You've defined a primary key and a clustered index for your table. However, we're not done yet! We should incorporate integrity constraints!
A major design mistake, in my opinion, is to do all data checking within the application and client tiers while ignoring the database and its mechanisms for maintaining data integrity natively. Since constraints are native to the database engine, they are a more efficient option for integrity checking. You should define CHECK, UNIQUE, DEFAULT, Primary Key, and Foreign Key constraints to safeguard data against invalid entries. The byproduct of using constraints is that they also can show up in data modeling tools and, thus, can further document the entities and attributes within your data model.
A story I always use to make my argument for incorporating native constraints revolves around a consulting engagement I was assigned to some years ago. A customer's application was written in Visual BASIC and all data checking was done within this application code. The database itself was unfortunately defined more or less as a storage container. A data import was required from a 3rd party system and a new importer was written using the VB application as a base (since that's the only place where all the data rules were located). Sure enough, some rules were missed and the resulting import riddled the database with invalid data.
When leveraging integrity constraints, always name them! If SQL Server is allowed to auto generate a constraint name, it may differ from database to database. If a constraint's definition has to be adjusted, special logic against system views will have to be written to figure out what auto-generated name was assigned. If your constraints are named up front, special coding can be avoided this plus it gives databases, from installation to installation, an air of consistency.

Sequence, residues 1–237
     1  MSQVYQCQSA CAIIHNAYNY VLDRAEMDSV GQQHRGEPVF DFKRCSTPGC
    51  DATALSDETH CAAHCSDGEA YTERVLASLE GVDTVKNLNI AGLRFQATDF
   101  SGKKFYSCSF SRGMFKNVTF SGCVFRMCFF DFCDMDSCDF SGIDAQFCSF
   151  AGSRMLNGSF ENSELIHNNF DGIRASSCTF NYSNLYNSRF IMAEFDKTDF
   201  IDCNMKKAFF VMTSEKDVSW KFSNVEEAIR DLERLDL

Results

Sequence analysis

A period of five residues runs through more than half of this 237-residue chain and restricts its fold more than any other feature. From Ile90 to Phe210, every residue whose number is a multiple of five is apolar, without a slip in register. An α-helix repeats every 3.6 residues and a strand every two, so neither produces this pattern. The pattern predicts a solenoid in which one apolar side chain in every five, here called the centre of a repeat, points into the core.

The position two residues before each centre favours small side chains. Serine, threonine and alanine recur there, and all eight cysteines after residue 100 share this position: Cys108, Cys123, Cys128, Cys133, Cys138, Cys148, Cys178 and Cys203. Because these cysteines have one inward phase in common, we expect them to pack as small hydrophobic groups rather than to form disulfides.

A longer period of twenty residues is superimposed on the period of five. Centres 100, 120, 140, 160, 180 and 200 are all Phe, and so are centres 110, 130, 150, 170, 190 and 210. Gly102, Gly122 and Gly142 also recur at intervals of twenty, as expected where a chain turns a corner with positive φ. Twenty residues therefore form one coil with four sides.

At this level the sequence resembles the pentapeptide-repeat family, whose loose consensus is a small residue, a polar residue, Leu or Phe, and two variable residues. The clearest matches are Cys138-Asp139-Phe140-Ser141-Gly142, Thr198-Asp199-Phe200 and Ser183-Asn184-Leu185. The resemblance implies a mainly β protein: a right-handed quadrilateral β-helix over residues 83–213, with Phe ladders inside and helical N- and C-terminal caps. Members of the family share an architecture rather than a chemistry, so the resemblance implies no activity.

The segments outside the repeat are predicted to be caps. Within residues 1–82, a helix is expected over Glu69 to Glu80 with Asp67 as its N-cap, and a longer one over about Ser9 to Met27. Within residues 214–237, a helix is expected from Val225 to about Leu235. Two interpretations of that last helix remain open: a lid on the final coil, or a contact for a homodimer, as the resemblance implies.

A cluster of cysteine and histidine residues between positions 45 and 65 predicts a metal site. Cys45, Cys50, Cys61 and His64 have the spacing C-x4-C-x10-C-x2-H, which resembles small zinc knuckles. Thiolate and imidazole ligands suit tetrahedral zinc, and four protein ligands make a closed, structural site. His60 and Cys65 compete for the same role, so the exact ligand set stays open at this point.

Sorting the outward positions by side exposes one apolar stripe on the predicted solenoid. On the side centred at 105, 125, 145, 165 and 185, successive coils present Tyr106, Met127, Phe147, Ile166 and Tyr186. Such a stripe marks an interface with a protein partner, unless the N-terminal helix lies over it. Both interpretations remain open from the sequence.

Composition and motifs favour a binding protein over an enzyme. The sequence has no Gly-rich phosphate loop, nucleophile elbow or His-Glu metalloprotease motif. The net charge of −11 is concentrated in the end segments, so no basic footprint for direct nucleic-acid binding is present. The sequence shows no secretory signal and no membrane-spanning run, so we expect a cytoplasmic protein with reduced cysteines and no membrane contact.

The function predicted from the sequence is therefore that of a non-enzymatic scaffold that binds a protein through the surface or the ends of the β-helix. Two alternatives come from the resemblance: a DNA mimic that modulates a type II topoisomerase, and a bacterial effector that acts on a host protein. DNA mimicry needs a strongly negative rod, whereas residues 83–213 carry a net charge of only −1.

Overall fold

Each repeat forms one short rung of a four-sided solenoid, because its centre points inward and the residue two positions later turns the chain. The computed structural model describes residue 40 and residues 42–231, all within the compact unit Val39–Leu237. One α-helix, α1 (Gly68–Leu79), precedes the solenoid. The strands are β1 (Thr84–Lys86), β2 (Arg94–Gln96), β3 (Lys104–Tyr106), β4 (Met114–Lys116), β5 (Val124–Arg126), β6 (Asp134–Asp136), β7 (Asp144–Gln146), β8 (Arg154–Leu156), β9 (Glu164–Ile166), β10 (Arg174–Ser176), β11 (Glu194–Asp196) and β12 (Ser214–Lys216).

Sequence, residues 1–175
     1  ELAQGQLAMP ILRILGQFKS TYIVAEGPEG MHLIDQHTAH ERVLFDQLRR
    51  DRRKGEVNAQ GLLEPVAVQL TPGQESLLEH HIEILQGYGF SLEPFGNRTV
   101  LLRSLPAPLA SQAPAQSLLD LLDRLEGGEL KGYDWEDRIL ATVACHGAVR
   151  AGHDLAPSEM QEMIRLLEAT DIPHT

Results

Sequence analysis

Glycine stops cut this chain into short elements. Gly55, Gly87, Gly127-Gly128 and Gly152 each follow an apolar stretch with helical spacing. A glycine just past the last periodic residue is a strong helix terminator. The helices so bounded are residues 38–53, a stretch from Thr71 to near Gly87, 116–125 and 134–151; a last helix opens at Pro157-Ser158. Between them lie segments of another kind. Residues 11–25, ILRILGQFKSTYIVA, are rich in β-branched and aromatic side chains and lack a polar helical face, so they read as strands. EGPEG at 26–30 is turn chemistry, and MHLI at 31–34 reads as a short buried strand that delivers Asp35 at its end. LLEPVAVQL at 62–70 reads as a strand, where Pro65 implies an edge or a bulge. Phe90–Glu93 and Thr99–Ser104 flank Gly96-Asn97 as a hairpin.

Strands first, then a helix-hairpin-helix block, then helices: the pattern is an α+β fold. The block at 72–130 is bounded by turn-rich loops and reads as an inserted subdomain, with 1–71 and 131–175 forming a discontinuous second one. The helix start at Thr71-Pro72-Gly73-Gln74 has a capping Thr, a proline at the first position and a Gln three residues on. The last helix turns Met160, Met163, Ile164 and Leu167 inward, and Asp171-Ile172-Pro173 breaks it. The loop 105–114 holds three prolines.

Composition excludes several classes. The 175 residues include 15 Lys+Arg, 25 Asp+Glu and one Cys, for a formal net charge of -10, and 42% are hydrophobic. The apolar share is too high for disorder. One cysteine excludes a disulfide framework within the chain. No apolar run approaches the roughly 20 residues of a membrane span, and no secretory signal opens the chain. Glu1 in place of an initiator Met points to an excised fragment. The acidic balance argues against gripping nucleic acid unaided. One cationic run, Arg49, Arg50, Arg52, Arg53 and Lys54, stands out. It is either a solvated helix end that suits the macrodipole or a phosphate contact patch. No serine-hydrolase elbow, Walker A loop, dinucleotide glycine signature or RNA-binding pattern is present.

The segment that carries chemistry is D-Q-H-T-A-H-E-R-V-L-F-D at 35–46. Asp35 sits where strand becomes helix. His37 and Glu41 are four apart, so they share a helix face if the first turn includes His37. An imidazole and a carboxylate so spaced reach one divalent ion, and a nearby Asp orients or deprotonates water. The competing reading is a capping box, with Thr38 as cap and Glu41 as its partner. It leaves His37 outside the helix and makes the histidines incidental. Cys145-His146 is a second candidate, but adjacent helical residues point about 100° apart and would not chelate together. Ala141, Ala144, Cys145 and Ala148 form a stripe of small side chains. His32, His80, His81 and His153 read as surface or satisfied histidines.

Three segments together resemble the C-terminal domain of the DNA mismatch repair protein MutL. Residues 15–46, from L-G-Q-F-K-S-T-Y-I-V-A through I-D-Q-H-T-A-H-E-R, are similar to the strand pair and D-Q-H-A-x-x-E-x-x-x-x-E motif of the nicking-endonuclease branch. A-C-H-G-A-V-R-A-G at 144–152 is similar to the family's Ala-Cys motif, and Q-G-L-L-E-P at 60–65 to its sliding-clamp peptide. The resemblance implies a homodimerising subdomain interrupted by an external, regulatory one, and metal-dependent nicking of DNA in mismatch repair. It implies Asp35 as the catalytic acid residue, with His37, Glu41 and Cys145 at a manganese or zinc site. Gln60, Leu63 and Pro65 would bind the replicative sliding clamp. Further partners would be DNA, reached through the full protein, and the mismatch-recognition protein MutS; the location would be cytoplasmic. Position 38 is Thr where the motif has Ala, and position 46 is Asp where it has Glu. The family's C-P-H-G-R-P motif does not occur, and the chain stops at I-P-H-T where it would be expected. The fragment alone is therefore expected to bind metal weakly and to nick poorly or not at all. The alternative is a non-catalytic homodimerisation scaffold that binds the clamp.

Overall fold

In this example, we create 2 databases and add the same table to each. We don't name the UNIQUE and DEFAULT constraints (a personal pet peeve of mine):
create database db1 go use db1 go create table t1 (value int not null default 1) create table t2 (value int not null unique) go create database db2 go use db2 go create table t2 (value int not null unique) create table t1 (value int not null default 1) go
Let's examine the constraints within the system views.
use db1 go select db_name() as dbname, name from sys.default_constraints select db_name() as dbname, name from sys.key_constraints go use db2 go select db_name() as dbname, name from sys.default_constraints select db_name() as dbname, name from sys.key_constraints go
The constraint names differ from database to database which makes any task to re-define them tedious. Name your constraints!